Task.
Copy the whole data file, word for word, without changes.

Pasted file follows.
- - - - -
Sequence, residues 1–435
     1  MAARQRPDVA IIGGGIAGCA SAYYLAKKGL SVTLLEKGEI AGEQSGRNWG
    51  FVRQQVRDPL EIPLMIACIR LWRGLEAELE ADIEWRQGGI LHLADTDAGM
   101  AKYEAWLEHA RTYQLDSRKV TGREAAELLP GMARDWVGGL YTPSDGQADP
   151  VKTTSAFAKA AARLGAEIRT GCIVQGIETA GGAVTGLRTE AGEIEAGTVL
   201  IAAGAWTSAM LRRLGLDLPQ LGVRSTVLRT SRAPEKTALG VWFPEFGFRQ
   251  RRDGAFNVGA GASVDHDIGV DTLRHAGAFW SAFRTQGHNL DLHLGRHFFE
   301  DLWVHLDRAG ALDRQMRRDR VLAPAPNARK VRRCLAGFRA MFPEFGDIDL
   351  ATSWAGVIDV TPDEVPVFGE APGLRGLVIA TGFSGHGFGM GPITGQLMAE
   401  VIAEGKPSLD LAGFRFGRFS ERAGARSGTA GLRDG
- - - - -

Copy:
Sequence, residues 1–435
     1  MAARQRPDVA IIGGGIAGCA SAYYLAKKGL SVTLLEKGEI AGEQSGRNWG
    51  FVRQQVRDPL EIPLMIACIR LWRGLEAELE ADIEWRQGGI LHLADTDAGM
   101  AKYEAWLEHA RTYQLDSRKV TGREAAELLP GMARDWVGGL YTPSDGQADP
   151  VKTTSAFAKA AARLGAEIRT GCIVQGIETA GGAVTGLRTE AGEIEAGTVL
   201  IAAGAWTSAM LRRLGLDLPQ LGVRSTVLRT SRAPEKTALG VWFPEFGFRQ
   251  RRDGAFNVGA GASVDHDIGV DTLRHAGAFW SAFRTQGHNL DLHLGRHFFE
   301  DLWVHLDRAG ALDRQMRRDR VLAPAPNARK VRRCLAGFRA MFPEFGDIDL
   351  ATSWAGVIDV TPDEVPVFGE APGLRGLVIA TGFSGHGFGM GPITGQLMAE
   401  VIAEGKPSLD LAGFRFGRFS ERAGARSGTA GLRDG